A promise ate my homework (or exception)Published on Jun 10, 2013

If you've ever used a library based on promises such as Ember.js/Ember Data you've probably stumbled upon this. Or maybe you haven't, but the app was silently failing with no error message, which is even worse.

The reason for this is simple and it is actually an intentional feature. If any error happens inside the promise, it will be treated as rejection.

var promise1 = new Ember.RSVP.Promise(function() {
  throw "bazinga"; // this gets "swallowed", unless we handle it
});

promise1.isRejected; // => true
promise1.then(null, function(error) {
  console.log(error); // prints out "bazinga"
});

But this isn't all what if we throw an exception inside resolve/reject?

// *`RSVP.resolve` returns a resolved promise*
Ember.RSVP.resolve().then(function() {
  throw "bazinga"; // swallowed again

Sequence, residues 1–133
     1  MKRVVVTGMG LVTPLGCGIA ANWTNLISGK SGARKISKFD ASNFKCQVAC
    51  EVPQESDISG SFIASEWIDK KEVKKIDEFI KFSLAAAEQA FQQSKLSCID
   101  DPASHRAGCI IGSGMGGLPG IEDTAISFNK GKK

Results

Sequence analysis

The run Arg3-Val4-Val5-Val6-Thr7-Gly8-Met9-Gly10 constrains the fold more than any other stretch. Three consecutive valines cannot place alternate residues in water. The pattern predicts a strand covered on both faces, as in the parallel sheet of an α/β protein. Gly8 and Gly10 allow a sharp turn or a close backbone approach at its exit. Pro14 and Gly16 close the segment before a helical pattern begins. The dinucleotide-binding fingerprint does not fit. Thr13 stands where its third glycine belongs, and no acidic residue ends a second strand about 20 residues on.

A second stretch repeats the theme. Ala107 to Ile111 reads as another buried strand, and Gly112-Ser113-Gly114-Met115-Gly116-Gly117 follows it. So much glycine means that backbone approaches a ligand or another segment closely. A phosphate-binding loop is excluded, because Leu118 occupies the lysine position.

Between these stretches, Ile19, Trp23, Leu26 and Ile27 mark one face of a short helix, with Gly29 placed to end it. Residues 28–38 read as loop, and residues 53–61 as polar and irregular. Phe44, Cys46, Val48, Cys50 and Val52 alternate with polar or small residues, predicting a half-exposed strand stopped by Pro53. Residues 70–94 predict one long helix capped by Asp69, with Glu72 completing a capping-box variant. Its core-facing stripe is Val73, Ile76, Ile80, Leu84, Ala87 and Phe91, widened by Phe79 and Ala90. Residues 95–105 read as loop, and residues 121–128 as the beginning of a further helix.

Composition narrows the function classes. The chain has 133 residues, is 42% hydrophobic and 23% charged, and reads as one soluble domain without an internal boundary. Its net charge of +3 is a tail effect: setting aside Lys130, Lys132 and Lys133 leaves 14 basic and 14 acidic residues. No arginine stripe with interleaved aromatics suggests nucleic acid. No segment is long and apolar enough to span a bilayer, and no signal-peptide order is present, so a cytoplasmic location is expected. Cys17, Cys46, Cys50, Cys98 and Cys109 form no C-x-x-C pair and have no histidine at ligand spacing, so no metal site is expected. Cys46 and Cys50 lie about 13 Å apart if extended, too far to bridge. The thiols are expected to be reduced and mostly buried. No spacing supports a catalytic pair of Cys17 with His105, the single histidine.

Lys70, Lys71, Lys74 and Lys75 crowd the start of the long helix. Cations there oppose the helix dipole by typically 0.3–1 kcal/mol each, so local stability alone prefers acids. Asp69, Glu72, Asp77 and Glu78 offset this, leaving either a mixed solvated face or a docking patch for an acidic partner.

});

One might think that adding a rejection handler would solve this so let's try

Ember.RSVP.resolve().then(function() {
  throw "bazinga";
}, function(error) {
  console.log(error);
});

This is where the real frustration hits. At first sight you would expect the second callback to be called with the error, but that's not true, the promise can't reject after it was fulfilled. Fortunately there's a simple solution here as well. If a promise errors inside any of the handlers it returns another rejected promise, which means we can handle the error with a second .then call

var promise = Ember.RSVP.resolve().then(function() {
  throw "bazinga";
});

promise.isRejected; // => true

promise.then(null, function(error) {
  console.log(error);
});

If everything goes well and there is no error thrown .then will return a fulfilled promise.

var promise = Ember.RSVP.resolve().then();
promise.isFulfilled; // => true

While this all might seem confusing at first the good thing about promises is that they are super consistent. You just need to learn a few core concepts and you'll be rarely surprised.

Written by Jakub Arnold of sensible.io.

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